The Good and The Bad

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The other day, after struggling for a while with my mental health for all of the reasons, something happened that sent me crashing to the depths of despair. I had already been under intense pressure; caring for my family, my own health, juggling some heavy freelance work with tight deadlines and my creative writing, trying to find grants and opportunities for my fiction work, dealing with the general horror of things in the world…and continually trying to hold onto the patience and resilience required when trying to achieve a traditionally published book.

After this particular email, I sat in my car outside the school uniform shop, (where I was waiting to go in first, before all of the unmasked people arrived…), crying… and for a few hours of the day, I succumbed to the irrational thought that there was no point in going on, no point in following my dreams, no point in anything…

A short time later, after allowing myself to wallow, I picked myself up and decided that I could tackle the tasks ahead of me. That I could keep going. That I would never give up on my dreams. I took my kelpie for a second walk in the whispering autumn winds, beneath gum trees and through local streets. I spent time meditating on my passions, on my gifts, on all of the wonderful things in my life, on nature. And I sat at my desk to write.

This time, I opened my email to receive some good news. News that made me incredibly happy and excited. Suddenly, my motivation for all of the responsibilities and commitments in my life, returned. I was filled with thoughts of what might lie ahead and how I would tackle these things head on, as is my usual way. And I pondered on the fact that it’s fascinating how quickly your mood can change. When I picked up my 13 year old from school, I told him about these two emails.

He said, ‘Well, you always get the bad and the good, Mum.’

I smiled and agreed, and inside of me, I was filled with the joy of this wonderful human being I have been helping to grow. How wise our young people are. He also lives with anxiety and is already very skilled at noticing it, managing it, and working out how to move through it, around it, or with it – whichever is best.

If you have lived with depression and anxiety, you will know how hard it can be to pull yourself from the hole. My periods of depression in the past were very specific to situations; firstly as a teen due to my type 1 diabetes diagnosis, later exacerbated by being stuck in a violent relationship, still later exploding in post-natal depression…followed by PTSD from my work in child protection, severe clinical depression, panic attacks and a time of being very unwell.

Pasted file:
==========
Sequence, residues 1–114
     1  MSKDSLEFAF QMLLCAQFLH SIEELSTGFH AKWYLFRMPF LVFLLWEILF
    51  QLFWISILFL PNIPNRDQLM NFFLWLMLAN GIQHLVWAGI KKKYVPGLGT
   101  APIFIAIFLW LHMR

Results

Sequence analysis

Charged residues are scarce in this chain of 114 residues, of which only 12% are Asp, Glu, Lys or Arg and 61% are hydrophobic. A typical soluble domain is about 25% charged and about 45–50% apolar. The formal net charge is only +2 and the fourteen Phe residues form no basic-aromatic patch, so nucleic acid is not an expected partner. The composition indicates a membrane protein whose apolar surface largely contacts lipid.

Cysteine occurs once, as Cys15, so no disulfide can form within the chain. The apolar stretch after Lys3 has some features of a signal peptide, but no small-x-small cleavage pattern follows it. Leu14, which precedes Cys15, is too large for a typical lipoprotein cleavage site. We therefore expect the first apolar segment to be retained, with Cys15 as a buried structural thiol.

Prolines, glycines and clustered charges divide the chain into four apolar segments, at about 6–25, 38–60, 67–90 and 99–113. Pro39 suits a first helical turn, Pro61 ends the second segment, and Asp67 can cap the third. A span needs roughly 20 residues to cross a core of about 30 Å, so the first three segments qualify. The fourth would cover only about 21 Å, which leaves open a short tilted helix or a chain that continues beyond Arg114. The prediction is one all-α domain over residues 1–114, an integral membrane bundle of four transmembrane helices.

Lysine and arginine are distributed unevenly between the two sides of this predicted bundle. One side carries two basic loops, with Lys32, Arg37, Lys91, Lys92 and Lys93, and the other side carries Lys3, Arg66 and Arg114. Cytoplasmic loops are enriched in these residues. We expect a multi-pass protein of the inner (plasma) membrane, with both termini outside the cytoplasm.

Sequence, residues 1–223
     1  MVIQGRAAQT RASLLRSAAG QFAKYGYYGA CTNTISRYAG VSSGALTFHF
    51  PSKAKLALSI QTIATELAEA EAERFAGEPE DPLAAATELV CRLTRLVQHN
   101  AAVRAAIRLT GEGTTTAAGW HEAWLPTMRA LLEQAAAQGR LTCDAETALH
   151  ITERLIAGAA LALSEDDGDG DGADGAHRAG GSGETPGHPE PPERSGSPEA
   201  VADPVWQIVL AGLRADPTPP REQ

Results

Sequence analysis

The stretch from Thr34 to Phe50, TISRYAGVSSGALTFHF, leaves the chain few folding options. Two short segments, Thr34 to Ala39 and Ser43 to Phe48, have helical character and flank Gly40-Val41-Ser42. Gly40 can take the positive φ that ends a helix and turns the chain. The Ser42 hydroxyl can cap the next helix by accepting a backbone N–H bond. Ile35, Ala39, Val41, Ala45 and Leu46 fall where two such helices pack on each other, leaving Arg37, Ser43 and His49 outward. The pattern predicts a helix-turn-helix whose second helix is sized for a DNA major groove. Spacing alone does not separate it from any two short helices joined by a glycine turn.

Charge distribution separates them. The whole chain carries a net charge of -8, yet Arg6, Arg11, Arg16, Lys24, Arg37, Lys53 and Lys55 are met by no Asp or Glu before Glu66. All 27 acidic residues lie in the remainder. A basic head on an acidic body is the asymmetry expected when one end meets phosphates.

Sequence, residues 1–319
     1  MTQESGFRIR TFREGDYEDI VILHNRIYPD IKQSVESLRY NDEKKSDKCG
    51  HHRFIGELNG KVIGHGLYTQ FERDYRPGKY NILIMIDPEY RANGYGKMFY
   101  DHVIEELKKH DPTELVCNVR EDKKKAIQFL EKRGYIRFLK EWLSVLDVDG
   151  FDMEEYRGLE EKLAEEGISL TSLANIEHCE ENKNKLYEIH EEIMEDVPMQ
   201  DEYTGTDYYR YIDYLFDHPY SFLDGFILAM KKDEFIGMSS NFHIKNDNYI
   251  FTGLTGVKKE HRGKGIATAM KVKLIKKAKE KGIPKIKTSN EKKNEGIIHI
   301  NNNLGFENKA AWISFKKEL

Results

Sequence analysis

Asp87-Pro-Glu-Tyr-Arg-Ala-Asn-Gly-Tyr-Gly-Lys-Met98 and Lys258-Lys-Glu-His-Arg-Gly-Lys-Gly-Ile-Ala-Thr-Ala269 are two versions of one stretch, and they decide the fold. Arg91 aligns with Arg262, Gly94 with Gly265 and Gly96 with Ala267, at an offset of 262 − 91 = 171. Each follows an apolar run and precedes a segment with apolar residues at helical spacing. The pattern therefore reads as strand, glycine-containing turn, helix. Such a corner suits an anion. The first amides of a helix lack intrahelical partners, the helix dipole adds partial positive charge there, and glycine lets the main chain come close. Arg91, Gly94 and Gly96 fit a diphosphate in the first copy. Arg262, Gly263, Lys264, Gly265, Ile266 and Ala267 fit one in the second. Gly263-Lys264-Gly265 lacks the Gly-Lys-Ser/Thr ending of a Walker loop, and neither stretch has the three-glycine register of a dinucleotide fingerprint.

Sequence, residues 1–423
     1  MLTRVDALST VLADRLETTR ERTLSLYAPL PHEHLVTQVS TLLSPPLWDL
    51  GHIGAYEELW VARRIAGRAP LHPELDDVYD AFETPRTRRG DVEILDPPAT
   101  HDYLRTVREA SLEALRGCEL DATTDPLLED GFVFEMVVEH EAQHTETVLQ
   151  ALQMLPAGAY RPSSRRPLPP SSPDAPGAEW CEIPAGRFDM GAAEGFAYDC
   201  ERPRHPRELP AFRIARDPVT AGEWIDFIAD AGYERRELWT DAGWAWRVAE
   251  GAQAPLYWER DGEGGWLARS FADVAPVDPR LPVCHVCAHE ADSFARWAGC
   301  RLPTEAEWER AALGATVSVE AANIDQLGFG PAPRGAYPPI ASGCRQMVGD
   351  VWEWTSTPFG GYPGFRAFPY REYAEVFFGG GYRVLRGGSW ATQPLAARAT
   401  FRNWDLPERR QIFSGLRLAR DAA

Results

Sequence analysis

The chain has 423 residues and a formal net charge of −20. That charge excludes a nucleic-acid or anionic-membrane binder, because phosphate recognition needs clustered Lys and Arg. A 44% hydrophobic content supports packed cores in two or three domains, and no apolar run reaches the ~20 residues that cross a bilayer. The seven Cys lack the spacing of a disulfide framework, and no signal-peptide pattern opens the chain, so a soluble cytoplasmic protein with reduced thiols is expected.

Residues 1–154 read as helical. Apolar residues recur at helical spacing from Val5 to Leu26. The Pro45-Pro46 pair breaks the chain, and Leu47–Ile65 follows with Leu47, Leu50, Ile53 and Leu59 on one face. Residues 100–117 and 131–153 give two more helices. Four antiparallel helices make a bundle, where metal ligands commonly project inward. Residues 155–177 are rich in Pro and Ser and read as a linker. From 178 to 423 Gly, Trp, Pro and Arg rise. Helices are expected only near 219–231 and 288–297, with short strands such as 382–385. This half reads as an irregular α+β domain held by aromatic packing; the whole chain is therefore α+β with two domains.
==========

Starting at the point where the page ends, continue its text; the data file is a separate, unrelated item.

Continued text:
Later, I experienced PND again with my second child and reactive depression after caring for my mother-in-law who died from motor neurone disease. Since then, I have not had any prolonged periods of serious depression, but it can creep around the edges of my days and cast shadows across my thoughts.

Anxiety is a different beast. It lives with me at all times; sitting on my shoulder, telling me all sorts of terrible disasters await, telling me to be afraid, telling me I am worthless. In some ways, the Anxiety can be a positive thing – it motivates and protects me, it can prevent me from doing things that I really don’t want to do. On the other hand it can imprison me, isolate me and keep me awake at night. It makes me question everything and coupled with the dysphoria of ADHD, diagnosed only in 2020, (what a relief it was to finally understand myself!), can cripple me with indecision and self-doubt.

I can remember Anxiety being with me wayyyy back as a small child, when I didn’t want to be left at child care, and later, kindergarten. I had a series of recurring dreams that I remember to this day. Despite this, I have had a wonderful and successful life.

Living with mental illness does not mean that you are sitting in the corner, rocking back and forth like a baby. It does not mean you are incapable. It does not make you worthless. Often, it heightens your understanding of other people and it provides you with insight into yourself that many others never achieve.

Some of the things I find helpful during times of depression and high anxiety, include listening to music, reading, walks in nature, gardening, writing, laughing and talking with my family, watching movies and streaming shows, keeping off social media more, especially in times of higher stress, staying off the news, pacing myself with tasks, pottering around my home and nesting, good chocolate and pots of tea, day naps/rests, mindfulness practices, reaching out and talking with a loved one, and the support network of my fellow writers. I find action – doing something, such as rearranging a room in the house, or tackling a garden project, really help to lift my mood.

I also tell myself that things will get easier, they will get better, they always do – and as my son said, there is always the good and the bad, Mum.

And that is life.

Helen

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